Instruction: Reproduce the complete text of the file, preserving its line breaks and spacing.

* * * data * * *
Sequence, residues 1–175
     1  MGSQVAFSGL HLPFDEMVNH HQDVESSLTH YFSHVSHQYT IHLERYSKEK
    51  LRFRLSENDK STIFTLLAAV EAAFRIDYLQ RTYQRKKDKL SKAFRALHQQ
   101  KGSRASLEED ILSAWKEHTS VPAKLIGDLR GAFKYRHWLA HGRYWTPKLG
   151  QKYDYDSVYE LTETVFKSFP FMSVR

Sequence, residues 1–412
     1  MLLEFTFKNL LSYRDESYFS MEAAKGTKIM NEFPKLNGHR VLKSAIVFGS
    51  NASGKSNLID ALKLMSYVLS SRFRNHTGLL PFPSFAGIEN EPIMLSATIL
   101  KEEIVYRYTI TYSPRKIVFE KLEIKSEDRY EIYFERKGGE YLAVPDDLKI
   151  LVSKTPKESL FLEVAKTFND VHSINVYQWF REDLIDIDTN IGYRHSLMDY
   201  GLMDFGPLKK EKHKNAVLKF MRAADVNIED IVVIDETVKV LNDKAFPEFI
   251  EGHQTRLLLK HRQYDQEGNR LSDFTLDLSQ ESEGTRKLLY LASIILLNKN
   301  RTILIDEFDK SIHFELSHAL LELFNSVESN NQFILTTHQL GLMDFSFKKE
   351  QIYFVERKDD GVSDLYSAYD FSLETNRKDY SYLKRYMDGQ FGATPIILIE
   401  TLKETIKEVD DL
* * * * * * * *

Sequence, residues 1–175
     1  MGSQVAFSGL HLPFDEMVNH HQDVESSLTH YFSHVSHQYT IHLERYSKEK
    51  LRFRLSENDK STIFTLLAAV EAAFRIDYLQ RTYQRKKDKL SKAFRALHQQ
   101  KGSRASLEED ILSAWKEHTS VPAKLIGDLR GAFKYRHWLA HGRYWTPKLG
   151  QKYDYDSVYE LTETVFKSFP FMSVR

Sequence, residues 1–412
     1  MLLEFTFKNL LSYRDESYFS MEAAKGTKIM NEFPKLNGHR VLKSAIVFGS
    51  NASGKSNLID ALKLMSYVLS SRFRNHTGLL PFPSFAGIEN EPIMLSATIL
   101  KEEIVYRYTI TYSPRKIVFE KLEIKSEDRY EIYFERKGGE YLAVPDDLKI
   151  LVSKTPKESL FLEVAKTFND VHSINVYQWF REDLIDIDTN IGYRHSLMDY
   201  GLMDFGPLKK EKHKNAVLKF MRAADVNIED IVVIDETVKV LNDKAFPEFI
   251  EGHQTRLLLK HRQYDQEGNR LSDFTLDLSQ ESEGTRKLLY LASIILLNKN
   301  RTILIDEFDK SIHFELSHAL LELFNSVESN NQFILTTHQL GLMDFSFKKE
   351  QIYFVERKDD GVSDLYSAYD FSLETNRKDY SYLKRYMDGQ FGATPIILIE
   401  TLKETIKEVD DL